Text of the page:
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The Menzies Australia Institute invites you to the Annual Reese Lecture on the topic of Negotiating a warming world: Australia, the Pacific and climate change since the 1980s.
In the southwest corner of the Pacific, Australia leads the OECD with its per capita emissions, which are among the highest in the world. Despite contributing little to global greenhouse gas emissions, the nearby low-lying islands of the Pacific have become as much symbols of climate change and rising sea levels as are polar bears and melting glaciers. As the Pacific Climate Warriors warn, however, the peoples of the Pacific are not victims — “We are not drowning, we are fighting.” So too are the Traditional Owners from across the Torres Strait who successfully lodged a complaint against the Australian Government with the UN Human Rights Committee and are suing the Commonwealth for breaching its duty of care by failing to reduce Australia’s greenhouse gas emissions.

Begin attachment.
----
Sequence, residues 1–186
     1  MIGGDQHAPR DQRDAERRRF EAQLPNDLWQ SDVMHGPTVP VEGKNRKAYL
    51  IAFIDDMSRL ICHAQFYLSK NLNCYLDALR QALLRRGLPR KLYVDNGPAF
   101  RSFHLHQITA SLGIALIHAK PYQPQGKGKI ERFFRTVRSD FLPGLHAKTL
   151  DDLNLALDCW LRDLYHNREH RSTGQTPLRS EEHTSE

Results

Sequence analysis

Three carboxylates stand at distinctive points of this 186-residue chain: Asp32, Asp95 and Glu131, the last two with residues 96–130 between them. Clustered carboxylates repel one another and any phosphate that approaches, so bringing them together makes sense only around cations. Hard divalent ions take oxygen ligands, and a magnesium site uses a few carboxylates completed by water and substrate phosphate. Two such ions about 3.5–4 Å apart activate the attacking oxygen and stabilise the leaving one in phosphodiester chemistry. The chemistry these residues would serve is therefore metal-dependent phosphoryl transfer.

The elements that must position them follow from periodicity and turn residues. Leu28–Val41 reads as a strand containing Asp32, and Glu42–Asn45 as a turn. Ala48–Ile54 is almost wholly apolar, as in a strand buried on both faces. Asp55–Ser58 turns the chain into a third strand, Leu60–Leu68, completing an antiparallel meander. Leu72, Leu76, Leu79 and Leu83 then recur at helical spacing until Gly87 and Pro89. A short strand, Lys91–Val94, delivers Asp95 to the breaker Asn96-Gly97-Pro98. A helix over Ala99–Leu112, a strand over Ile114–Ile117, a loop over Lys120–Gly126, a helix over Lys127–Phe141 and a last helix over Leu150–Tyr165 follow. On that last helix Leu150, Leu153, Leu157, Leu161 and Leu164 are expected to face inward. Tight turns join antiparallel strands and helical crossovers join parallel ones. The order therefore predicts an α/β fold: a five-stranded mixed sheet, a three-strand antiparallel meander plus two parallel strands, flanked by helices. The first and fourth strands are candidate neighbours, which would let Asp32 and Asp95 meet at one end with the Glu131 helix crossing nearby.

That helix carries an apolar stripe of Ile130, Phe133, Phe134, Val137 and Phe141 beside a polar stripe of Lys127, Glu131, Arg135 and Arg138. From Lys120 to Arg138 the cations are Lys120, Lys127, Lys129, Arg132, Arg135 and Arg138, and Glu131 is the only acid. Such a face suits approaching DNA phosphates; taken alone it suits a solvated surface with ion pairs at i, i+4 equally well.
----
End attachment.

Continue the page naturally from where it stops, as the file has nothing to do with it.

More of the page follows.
In this 2023 Reese Lecture, Associate Professor Ruth Morgan offers an historical account of Australia’s role in negotiating a warming world since it welcomed Malta’s 1988 proposal to the UN General Assembly for the ‘Conservation of Climate as Part of the Common Heritage of Mankind’. In addition to welcoming the findings of the recent Brundtland report on sustainable development, Australia’s representative underscored the vulnerability of neighbouring Pacific countries to climate change and its contribution to improving climate monitoring in the region. As the world prepares for the first Global Stocktake of the Paris Agreement in December, this Reese Lecture takes the temperature on Australia, the Pacific and climate change since the 1980s.
The talk will be introduced by Dr Agnieszka Sobocinska, Director of the Menzies Australia Institute, and will be followed by audience Q&A. The evening will conclude with a drinks reception.
About the speaker
Ruth is the Director of the Centre for Environmental History at the Australian National University. She is an award-winning historian of water and climate in Australia and the Indian Ocean world, and she was a lead author in Working Group 2 of the IPCC's Sixth Assessment Report. Her latest book, Climate Change, and International History: Negotiating Science, Global Change and Environmental Justice, will be published by Bloomsbury in early 2024.